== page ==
Europe, Family Style


Hôtel Le Meurice in Paris

At Hôtel Le Meurice in Paris, children get a plush canine mascot named Pistache and a basket of sweets, puzzles and colored pencils

Let’s face it. Traveling to Europe with kids in tow can be tough unless you have an itinerary that includes family-friendly hotels, and tours that have the desires and attention spans of youngsters in mind. Here are some that don’t shy away from hosting families:

The Rome Cavalieri, which is set on a 15-acre park overlooking the city, has embraced the family-travel segment. The hotel, a member of the Waldorf-Astoria Collection, has four swimming pools—one of them just for kids.

There is also an in-room program for families wanting to hunker down after a day at the Trevi Fountain, the Pantheon or the Coliseum. If it’s ordered in advance, and the clan is spending at least four nights, the hotel will rustle up a Roman Sweets Feast for free.

Here’s what’s on the menu: hazelnut-spread bread rolls, crepes with jam, mini chocolate mousse, a cake in the form of a favorite cartoon character, fresh fruit shakes and a selection of ice creams and candies.

Other children’s programs include treasure hunts in the park, easel painting, pasta-jewelry making, animal origami and facemask painting. Parents in the meantime can chill out at The Chalet pool, with full bar service, food and a plasma TV. Sunday Brunch, Cavalieri’s famous weekly music brunch, provides for children’s entertainment and a play area. Children’s bathrobes, diapers, a coloring book and crayons, wooden Pinocchio giveaways and a rubber bath animal are available on request.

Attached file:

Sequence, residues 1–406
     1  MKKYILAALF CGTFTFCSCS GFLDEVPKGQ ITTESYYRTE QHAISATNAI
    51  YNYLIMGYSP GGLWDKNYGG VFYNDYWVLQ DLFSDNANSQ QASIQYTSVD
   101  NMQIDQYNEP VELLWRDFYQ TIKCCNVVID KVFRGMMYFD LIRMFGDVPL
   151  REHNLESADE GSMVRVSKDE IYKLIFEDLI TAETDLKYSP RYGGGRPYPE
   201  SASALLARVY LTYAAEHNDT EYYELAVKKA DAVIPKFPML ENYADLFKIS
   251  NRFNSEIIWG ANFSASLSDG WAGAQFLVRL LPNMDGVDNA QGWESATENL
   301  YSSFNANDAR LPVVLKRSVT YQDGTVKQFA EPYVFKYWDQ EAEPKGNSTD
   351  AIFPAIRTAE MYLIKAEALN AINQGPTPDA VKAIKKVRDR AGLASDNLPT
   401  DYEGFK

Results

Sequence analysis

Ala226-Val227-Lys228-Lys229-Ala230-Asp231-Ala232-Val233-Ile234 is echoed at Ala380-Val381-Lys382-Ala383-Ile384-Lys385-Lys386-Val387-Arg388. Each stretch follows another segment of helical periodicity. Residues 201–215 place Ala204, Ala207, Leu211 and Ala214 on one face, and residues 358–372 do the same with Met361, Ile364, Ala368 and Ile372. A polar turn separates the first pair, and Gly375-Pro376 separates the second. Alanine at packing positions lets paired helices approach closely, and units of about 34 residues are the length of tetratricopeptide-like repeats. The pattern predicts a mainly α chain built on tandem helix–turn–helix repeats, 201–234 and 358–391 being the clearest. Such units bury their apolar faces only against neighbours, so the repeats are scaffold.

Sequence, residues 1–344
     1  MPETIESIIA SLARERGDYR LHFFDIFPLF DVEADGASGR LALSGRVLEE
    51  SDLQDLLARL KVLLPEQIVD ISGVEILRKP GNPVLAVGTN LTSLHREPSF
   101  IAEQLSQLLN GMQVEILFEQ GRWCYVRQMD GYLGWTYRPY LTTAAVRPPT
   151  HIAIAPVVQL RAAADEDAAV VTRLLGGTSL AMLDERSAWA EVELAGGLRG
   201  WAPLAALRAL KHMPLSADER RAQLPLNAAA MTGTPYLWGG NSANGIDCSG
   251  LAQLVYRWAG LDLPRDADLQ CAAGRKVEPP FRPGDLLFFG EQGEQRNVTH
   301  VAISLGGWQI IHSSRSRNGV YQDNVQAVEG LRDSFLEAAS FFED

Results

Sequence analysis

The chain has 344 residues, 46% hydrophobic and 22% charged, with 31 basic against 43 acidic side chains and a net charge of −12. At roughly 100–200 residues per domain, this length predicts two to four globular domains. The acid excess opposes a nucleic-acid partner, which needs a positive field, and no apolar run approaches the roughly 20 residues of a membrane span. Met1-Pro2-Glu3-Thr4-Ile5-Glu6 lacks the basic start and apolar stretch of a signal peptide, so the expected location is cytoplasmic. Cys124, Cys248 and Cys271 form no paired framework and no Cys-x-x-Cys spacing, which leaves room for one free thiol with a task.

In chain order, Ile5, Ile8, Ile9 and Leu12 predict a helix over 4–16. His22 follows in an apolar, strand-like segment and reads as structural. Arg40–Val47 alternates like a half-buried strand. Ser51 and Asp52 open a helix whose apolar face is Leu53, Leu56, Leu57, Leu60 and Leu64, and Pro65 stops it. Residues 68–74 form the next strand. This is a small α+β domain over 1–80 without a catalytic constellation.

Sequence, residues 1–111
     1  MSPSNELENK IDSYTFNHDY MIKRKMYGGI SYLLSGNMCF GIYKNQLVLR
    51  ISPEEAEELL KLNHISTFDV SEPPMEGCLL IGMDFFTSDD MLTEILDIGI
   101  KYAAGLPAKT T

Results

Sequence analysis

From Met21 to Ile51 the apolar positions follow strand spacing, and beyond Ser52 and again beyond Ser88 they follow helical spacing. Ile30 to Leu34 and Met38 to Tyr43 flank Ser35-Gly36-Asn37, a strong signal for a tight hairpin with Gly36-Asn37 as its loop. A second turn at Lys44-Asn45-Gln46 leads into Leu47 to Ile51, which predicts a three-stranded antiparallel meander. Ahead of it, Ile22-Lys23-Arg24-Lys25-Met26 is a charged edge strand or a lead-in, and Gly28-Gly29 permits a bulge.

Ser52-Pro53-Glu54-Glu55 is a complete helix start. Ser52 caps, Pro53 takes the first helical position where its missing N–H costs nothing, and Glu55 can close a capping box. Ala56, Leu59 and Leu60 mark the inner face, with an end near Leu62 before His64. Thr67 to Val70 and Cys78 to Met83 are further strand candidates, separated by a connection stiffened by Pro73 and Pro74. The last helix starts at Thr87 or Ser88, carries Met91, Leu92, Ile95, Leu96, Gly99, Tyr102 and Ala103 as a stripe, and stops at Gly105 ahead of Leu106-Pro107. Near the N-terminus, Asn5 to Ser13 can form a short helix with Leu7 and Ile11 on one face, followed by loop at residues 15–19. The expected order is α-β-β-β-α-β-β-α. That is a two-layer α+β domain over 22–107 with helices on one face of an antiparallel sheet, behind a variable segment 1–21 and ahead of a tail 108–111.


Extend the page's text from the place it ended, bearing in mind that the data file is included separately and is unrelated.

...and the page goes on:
Contact Head Concierge Markus Dobritzhofer, and Head of Guest Relations Lynn Knudsen.

In the posh heart of Paris, Hôtel Le Meurice is an experience for little ones to remember. Upon arrival, children get sweets in their rooms as well as two tickets for carousel rides in the Tuileries Garden. Le Meurice also has a large selection of gifts for children, including a miniature version of the hotel’s terry bathrobe and slippers, a plush canine hotel mascot named Pistache, and a gift basket with sweets, puzzles and colored pencils.

A ride on Rue Saint-Honoré’s Nain Bleu custom-made wooden toy boats for the Tuileries boat pond and a hotel treasure hunt ensure a memorable stay for the younger set. Kids are also issued a Children’s Passport, which they can use to take their families out on a (re)discovery of Paris’ little-known delights. Contact General Manager Franka Holtmann at 011-331-4458-1000.

Another classic Paris property, Hotel Le Bristol Paris, has a program that provides young guests with amenities and activities themed on Le Bristol’s mascot, Hippolyte, a garden rabbit named after the hotel’s founder Hippolyte Jammet. The package, for parents traveling with two children, includes two connecting rooms and buffet breakfast for four served in-room or at the Gastronomic Restaurant. The kids are greeted by Hippolyte upon arrival, besides being presented with customized welcome packets; in-room toys, snacks, toiletries and bathrobes; a special children’s menu, treasure hunt maps and suggestions for fun, educational walking tours in Paris. Pricing begins at $1,670 per night, for a minimum two-night stay. Agents should contact Gabrielle Hirn, North America sales director, at [email protected].